I have sent a message to 1Password through the official customer support channel to ask the same question posed here. I'll update once they reply.

Update: Here's the response from earlier this morning:

> Thank you for taking the time to write to us here at AgileBits. The current version of the 1Password extension does not use regex to parse URLs for this exact reason. We don't autofill either, which also helps avoid issues like the one you mentioned.

Fwiw, his question did not sound at all like that to me. Your reaction feels like unfair personal bias. Not trying to start a fight but you seem openminded enough to hear it so figured Id let you know

Not at all. But I would be interested to hear what sort of bias you saw in my prior comment. I mean, I don't think you're wrong, but beyond the downvotes, I only have my own perspective to go on here, and I'd appreciate the benefit of having yours as well.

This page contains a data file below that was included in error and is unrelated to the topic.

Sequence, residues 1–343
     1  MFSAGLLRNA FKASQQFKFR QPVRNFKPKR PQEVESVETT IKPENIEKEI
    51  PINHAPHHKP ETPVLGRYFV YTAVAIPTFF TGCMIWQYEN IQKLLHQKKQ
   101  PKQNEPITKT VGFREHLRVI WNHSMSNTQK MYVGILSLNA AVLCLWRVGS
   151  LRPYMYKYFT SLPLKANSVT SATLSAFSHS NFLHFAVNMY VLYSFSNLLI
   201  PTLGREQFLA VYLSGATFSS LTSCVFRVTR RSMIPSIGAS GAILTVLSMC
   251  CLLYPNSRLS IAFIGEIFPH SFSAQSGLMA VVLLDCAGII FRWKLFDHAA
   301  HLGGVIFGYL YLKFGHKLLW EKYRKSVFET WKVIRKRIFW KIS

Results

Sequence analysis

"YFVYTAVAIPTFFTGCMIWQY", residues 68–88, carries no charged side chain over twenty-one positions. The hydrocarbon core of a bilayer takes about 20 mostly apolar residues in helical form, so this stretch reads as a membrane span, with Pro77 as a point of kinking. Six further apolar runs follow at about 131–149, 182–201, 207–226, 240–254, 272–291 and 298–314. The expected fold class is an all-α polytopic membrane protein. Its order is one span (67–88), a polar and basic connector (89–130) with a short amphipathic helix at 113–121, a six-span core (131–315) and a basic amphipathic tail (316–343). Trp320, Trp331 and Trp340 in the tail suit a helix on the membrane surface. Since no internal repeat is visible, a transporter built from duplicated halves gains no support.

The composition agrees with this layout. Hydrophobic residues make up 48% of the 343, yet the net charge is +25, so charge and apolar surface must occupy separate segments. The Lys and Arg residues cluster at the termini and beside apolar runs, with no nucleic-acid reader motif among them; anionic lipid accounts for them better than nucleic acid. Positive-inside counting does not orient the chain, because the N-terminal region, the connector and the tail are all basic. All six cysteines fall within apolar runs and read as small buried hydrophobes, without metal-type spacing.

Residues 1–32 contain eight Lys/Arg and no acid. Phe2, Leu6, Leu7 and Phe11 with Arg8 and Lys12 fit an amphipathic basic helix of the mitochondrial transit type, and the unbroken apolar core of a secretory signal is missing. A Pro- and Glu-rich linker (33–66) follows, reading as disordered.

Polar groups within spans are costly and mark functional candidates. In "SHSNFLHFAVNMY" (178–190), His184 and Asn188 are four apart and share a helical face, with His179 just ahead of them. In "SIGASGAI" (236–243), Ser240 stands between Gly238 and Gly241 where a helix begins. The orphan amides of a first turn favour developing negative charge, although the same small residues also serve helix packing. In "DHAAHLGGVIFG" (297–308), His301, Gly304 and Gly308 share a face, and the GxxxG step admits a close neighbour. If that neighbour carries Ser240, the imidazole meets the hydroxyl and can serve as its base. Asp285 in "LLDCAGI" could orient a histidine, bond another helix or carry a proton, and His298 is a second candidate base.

Sure. I took the original question at face value: It was a user who was concerned and wanted reassurance. Imo, it's a big leap to read it instead as a setup for a hostile "gotcha" style followup. I mean, is it possible? Sure. But there's no evidence for that interpretation. And to take a stats view, the bayesian priors aren't there (ie, most people aren't conniving snakes). Given that, it seemed to me that you were bringing your own kind of evidence to the table -- perhaps a personal experience in which you'd been similarly setup and mistreated.

Not the poster you replied to, but there were 2 types of bias I saw:

1: Defensiveness. It seemed more like an honest question than a pot shot. You seemed to read into it something like "Aha! How about your software fool!?!"